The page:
Share you successful discipline techniques for a 4 year old please! — The Bump
Pre-School

Share you successful discipline techniques for a 4 year old please!

When time out, sticker charts, talking through it etc. doesn't work, what does?

When our son misbehaves (yelling or talking back, refusing to do what he's told, etc.), we can usually curtail it quickly by telling him we don't talk to people who yell/speak rudely/refuse to clean up etc. and then ignoring him and he will immediately apologize or calm down because he hates not getting attention from us. But he will often do the same thing 10 second or 10 minutes later. We feel like we can stop it in the moment but we can't get him to stop doing things overall. He used to behave perfectly at preschool (he's introverted and shy in new situations) but now that he is more comfortable there he acts out there too- nothing crazy, but he will make silly animal sounds or say no and refuse to do what the teacher asks sometimes. He can be very defiant, but not to ODD levels. His teacher thinks it's just emotional immaturity (he's also at the young end of his class- he'll be 5 in July and will start kindergarten in September), but doesn't think we should keep him in an extra year of preK because he is very intelligent and she thinks he will be bored in preK and act out more if he gets bored. 

I'm looking for input and long term success strategies I guess.

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Re: Share you successful discipline techniques for a 4 year old please!

  • When my 4 year old is behaving bad enough that we have to deal with it (rather than ignore minor stuff), we usually start counting and if he doesn't knock it off by the time we reach 3, he gets time out. Very rarely do we even have to put him in time out because he knows that we mean business. I guess we've been "strict" from the very beginning in the sense that if we threaten something, we follow through. Ignoring worked when he was a toddler but as he got to be 2.5, 3 and now 4, ignoring doesn't solve the problem or correct the behavior so we use time out's for our threats. We don't yell, we don't get all worked up, we just calmly tell him that what he's doing isn't cool and he better stop or he's getting a time out.

    This age is tough, I know. I think consistency is key AND praising them and acknowledging them when they are good helps a lot too.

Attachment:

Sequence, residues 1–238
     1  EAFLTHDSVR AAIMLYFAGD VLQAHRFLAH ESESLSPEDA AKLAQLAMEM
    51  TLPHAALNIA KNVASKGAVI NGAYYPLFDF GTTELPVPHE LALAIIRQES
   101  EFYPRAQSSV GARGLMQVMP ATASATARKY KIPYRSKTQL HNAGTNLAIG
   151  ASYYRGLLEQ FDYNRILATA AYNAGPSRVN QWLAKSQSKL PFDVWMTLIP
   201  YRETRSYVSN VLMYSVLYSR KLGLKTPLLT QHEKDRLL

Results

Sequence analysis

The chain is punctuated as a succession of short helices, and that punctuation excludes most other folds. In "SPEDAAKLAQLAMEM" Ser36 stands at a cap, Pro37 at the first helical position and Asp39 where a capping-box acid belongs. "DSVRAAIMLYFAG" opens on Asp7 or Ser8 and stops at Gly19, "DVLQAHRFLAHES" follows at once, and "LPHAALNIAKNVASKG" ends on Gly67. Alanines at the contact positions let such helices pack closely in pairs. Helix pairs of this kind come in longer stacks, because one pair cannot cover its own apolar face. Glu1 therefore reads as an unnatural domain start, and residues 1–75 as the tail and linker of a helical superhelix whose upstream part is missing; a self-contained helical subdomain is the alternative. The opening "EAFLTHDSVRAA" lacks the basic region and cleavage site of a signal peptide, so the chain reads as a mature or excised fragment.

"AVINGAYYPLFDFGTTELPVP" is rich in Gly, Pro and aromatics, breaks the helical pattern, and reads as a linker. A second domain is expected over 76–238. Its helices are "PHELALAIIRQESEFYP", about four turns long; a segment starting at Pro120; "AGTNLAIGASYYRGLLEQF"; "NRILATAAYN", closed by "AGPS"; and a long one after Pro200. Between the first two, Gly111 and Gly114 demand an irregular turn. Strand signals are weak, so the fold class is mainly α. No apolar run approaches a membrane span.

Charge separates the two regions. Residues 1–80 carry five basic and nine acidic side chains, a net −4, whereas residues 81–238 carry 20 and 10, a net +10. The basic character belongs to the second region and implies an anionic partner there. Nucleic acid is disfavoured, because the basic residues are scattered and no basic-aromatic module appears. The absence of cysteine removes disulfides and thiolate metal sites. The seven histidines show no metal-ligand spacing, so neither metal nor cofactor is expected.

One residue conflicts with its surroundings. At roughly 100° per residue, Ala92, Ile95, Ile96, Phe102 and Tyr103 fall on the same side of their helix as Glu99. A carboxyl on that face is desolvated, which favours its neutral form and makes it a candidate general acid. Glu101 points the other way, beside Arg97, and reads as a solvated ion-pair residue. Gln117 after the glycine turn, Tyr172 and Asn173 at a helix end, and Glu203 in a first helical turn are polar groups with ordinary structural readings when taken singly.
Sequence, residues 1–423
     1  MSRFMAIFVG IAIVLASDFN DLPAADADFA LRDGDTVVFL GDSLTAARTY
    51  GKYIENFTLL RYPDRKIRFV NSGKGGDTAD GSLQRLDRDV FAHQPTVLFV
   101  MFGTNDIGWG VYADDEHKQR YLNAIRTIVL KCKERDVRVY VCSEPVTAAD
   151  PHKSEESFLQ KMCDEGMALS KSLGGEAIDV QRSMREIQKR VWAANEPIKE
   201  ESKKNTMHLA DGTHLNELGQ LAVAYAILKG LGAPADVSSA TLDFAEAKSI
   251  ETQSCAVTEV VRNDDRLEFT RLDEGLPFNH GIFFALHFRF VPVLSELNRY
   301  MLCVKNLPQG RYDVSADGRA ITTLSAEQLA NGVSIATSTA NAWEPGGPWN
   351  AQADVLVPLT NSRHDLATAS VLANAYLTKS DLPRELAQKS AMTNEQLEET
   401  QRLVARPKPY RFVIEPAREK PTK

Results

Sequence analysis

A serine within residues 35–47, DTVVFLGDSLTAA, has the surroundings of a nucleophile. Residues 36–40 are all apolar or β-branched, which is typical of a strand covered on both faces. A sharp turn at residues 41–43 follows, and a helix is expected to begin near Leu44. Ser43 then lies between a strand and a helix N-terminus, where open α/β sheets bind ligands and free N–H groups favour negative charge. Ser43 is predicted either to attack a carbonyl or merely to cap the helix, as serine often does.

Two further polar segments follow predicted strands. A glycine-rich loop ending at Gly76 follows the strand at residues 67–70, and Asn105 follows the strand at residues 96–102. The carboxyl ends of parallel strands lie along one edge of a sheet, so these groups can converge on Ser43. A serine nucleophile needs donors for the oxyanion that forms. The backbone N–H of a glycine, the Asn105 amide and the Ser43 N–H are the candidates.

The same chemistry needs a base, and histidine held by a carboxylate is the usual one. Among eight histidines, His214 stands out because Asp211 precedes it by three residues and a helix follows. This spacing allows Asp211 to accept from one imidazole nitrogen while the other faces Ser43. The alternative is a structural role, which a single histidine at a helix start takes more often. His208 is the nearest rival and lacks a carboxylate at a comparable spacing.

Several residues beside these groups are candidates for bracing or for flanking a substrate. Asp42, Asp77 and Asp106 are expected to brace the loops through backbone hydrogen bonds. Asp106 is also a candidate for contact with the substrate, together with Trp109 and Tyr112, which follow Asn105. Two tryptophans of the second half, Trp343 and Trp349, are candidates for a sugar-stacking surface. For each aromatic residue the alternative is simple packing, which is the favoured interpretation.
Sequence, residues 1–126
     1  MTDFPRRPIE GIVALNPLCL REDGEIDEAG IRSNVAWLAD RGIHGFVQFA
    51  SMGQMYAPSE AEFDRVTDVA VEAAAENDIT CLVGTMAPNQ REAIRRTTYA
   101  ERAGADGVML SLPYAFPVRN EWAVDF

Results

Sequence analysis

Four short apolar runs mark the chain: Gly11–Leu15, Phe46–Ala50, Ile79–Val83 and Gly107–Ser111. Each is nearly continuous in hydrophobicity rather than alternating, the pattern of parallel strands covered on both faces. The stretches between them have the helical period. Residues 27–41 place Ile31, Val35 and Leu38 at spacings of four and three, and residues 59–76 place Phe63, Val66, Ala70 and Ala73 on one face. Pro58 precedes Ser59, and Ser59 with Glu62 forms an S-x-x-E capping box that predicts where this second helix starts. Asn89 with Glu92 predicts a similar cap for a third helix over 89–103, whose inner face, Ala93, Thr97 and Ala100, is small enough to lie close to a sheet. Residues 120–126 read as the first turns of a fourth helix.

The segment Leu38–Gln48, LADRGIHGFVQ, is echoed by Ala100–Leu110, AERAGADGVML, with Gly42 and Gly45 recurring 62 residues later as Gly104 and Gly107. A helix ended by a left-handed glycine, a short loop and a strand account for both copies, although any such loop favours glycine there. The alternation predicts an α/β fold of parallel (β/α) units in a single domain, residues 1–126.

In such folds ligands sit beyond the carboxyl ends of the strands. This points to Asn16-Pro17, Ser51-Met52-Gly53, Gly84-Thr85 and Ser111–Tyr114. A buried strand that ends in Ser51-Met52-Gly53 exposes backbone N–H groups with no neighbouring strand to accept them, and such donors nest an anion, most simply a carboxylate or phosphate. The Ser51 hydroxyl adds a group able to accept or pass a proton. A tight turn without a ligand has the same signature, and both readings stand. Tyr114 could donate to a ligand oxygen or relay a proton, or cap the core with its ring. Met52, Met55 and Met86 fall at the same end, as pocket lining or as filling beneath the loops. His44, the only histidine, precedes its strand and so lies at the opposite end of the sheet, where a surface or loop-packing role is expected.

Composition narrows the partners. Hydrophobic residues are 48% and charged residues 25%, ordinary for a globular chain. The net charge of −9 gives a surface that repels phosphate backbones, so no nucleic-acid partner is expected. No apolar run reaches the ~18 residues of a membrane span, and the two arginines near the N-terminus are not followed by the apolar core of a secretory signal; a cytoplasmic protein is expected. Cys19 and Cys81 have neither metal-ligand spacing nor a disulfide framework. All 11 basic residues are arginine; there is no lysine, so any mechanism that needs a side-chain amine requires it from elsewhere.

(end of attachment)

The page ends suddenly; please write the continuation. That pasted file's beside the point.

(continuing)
• Structure, consistency, finding his "currency" and using it in your favor. 

    It seems like he's grown into a stage where he has a more sophisticated understanding of how to challenge the rules and how to conform to them -- which is ultimately a good thing.  What he seems to be lacking is the impulse control to stop himself from doing naughty things.

    When my son went through a similar stage of challenging and sassing, I worked hard (when I could, of course) to catch him in the "wind up" to something sassy.  If I could tell he was getting ready to talk back or to be defiant, I would verbally intervene and say, "Hey -- Think about what you're doing. What choice are you about to make?  What will happen if you make that choice?"

    Sometimes this verbal "speed bump" would be enough.  Pretty soon he internalized the ability to manage his impulses himself.
    High School English teacher and mom of 2 kids:

    DD, born 9/06/00 -- 12th grade
    DS, born 8/25/04 -- 7th grade
    TwizBeans
  • Structure, consistency, finding his "currency" and using it in your favor. 

    It seems like he's grown into a stage where he has a more sophisticated understanding of how to challenge the rules and how to conform to them -- which is ultimately a good thing.  What he seems to be lacking is the impulse control to stop himself from doing naughty things.

    When my son went through a similar stage of challenging and sassing, I worked hard (when I could, of course) to catch him in the "wind up" to something sassy.  If I could tell he was getting ready to talk back or to be defiant, I would verbally intervene and say, "Hey -- Think about what you're doing. What choice are you about to make?  What will happen if you make that choice?"

    Sometimes this verbal "speed bump" would be enough.  Pretty soon he internalized the ability to manage his impulses himself.

    GREAT suggestion!
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